Skip to main content

The IRS has allowed a deduction for qualified taxpayers allowing them to deduct some specific home expenses on their taxes. However, to claim a deduction for the home office, part of the home must be used regularly and exclusively for their business. They may also claim a separate structure on their property as long as it provides the primary space for their business.

large home office

Image by JamesDeMers from Pixabay

How to Determine if You can Claim Your Home Office on Your Taxes

Homeowners and renters can both claim the home office deduction. However, an employee is not eligible for the deduction. Taxpayers also have specific expenses that can be deducted like rent, mortgage interest, utilities, maintenance, repairs, insurance, and depreciation. To claim their home expenses as deductions, a taxpayer must meet certain requirements. For instance, the term, “home” can have a variety of meanings including:

  • House, condominium, apartment, boat, mobile home, or a similar type of property
  • Home may also be used for a structure on the taxpayer’s property like a studio, garage, greenhouse, or barn.
  • The deduction cannot be used to claim parts of the property used solely as a motel, hotel, inn, or other similar business.

In general, two things are required for a home to qualify as a deduction. These include:

  • A portion of the home or property must be used exclusively and regularly for conducting business.
  • The home must also be the primary location of the taxpayer’s business. The home meets the requirement if there is no other location for the taxpayer to conduct management and administrative activities. So, even though a business owner conducts business outside of their home, their home qualifies if they use their home for conducting business activities.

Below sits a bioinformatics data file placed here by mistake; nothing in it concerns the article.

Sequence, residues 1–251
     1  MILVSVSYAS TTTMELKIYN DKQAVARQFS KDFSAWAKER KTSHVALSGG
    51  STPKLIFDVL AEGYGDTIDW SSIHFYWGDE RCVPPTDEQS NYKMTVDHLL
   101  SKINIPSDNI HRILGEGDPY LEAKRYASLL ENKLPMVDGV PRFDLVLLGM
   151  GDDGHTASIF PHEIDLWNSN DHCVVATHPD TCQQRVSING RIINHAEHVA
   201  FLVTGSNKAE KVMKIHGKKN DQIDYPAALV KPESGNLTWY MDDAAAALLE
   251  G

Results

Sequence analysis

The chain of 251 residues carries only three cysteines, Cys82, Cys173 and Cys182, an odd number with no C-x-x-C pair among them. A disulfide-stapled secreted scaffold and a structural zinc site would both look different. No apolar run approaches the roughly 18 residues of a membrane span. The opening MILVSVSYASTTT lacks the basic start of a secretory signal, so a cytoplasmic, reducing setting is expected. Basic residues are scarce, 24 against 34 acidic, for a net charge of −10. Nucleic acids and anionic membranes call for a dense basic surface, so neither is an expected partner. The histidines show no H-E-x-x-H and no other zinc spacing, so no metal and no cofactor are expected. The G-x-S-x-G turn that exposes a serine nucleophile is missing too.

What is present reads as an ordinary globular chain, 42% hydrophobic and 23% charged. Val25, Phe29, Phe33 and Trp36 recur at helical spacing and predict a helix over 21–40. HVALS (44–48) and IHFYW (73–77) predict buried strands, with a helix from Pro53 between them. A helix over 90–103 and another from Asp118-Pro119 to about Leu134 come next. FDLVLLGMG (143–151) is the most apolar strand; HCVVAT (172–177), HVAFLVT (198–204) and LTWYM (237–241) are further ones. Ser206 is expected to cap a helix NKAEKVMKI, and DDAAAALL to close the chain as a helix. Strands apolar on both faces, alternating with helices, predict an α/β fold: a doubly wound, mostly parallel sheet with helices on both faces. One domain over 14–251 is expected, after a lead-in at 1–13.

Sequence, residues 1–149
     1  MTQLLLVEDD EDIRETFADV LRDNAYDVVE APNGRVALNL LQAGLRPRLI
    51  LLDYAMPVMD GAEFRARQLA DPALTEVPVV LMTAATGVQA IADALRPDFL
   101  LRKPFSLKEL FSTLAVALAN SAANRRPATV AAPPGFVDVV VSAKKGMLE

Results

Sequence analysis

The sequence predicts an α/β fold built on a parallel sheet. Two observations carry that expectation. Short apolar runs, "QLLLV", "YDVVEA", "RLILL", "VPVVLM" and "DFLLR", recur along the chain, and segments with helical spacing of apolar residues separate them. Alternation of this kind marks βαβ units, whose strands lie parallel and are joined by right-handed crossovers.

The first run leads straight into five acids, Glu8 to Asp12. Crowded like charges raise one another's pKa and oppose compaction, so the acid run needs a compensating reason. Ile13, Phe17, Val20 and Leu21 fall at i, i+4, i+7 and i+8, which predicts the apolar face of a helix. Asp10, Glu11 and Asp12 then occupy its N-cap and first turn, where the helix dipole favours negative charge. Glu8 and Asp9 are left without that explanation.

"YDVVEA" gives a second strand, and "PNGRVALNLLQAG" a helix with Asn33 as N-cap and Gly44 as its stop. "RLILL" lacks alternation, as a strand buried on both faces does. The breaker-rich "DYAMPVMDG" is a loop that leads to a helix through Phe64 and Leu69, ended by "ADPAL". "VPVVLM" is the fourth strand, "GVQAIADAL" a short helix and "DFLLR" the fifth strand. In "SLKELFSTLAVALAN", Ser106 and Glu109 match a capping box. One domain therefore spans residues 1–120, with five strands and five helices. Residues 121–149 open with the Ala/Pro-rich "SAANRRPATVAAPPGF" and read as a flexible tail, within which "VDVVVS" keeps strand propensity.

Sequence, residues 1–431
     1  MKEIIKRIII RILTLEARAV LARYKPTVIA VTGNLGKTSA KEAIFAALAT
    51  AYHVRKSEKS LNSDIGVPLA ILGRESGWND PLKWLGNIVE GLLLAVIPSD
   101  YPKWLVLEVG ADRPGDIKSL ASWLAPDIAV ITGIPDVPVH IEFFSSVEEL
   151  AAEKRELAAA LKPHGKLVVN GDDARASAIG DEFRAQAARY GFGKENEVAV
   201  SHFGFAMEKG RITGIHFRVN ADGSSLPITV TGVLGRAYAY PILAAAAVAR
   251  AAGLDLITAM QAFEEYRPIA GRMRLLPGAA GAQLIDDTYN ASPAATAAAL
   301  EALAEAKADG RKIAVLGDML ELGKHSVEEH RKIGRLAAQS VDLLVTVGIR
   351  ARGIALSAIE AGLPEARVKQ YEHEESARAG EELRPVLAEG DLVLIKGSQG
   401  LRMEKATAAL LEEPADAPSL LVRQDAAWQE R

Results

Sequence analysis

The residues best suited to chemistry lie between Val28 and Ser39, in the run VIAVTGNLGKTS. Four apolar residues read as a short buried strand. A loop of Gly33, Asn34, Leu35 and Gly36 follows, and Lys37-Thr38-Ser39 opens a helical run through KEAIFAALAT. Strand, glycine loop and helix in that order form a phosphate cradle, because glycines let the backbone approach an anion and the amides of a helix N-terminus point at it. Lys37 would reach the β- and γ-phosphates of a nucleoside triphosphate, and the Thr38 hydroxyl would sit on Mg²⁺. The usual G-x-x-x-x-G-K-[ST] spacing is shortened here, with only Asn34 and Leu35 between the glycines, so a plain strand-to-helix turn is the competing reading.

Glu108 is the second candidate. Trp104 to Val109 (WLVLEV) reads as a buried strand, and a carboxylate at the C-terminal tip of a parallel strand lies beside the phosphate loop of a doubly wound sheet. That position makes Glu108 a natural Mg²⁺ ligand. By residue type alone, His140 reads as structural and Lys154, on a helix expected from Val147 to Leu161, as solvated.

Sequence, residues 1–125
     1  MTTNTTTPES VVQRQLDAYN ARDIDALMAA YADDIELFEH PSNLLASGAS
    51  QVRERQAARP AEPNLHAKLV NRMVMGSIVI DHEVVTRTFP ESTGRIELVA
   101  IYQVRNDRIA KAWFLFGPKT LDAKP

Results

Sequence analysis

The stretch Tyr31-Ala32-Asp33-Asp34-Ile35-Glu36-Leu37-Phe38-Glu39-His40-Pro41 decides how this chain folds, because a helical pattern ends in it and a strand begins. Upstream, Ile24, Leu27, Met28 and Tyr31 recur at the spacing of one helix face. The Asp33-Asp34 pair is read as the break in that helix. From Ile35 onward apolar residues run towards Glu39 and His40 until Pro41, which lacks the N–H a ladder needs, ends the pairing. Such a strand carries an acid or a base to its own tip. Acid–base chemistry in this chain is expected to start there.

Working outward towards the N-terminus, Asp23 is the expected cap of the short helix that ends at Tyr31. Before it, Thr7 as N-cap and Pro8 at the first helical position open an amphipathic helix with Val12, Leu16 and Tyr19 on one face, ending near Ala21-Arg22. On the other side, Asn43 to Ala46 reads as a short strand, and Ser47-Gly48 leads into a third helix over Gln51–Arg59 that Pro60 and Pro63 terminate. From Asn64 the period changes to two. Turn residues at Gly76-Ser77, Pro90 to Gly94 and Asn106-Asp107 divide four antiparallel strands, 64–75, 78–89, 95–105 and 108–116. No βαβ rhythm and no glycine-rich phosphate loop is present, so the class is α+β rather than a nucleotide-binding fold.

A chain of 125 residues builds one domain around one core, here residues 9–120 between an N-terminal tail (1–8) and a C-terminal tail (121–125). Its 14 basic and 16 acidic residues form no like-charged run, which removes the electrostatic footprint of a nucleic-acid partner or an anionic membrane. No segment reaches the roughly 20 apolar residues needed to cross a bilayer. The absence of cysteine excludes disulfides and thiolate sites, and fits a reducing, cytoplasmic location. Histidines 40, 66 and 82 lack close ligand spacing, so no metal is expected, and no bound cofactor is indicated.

Deductions for Home-Related Expenses

Taxpayers who operate a small business out of a separate structure that’s not attached to their home may qualify for home-related expenses deductions too. They must use the structure for their business exclusively and regularly. There are two ways to calculate home office expenses deduction. The simplest way is to calculate $5 per square foot of the home used solely for their business. There is a maximum of 300 square feet applied to this option. This makes $1,500 the maximum home office expense deduction allowed.

The standard way to calculate home-related expenses is based on what percentage of the home is used to conduct business. If a taxpayer uses a single whole room or part of a room to conduct their business, they need to determine the percentage the area is of the home. The percentage is then used to calculate how much of their expenses are deductible. This is the indirect method. Direct expenses incurred by the business are deducted in full.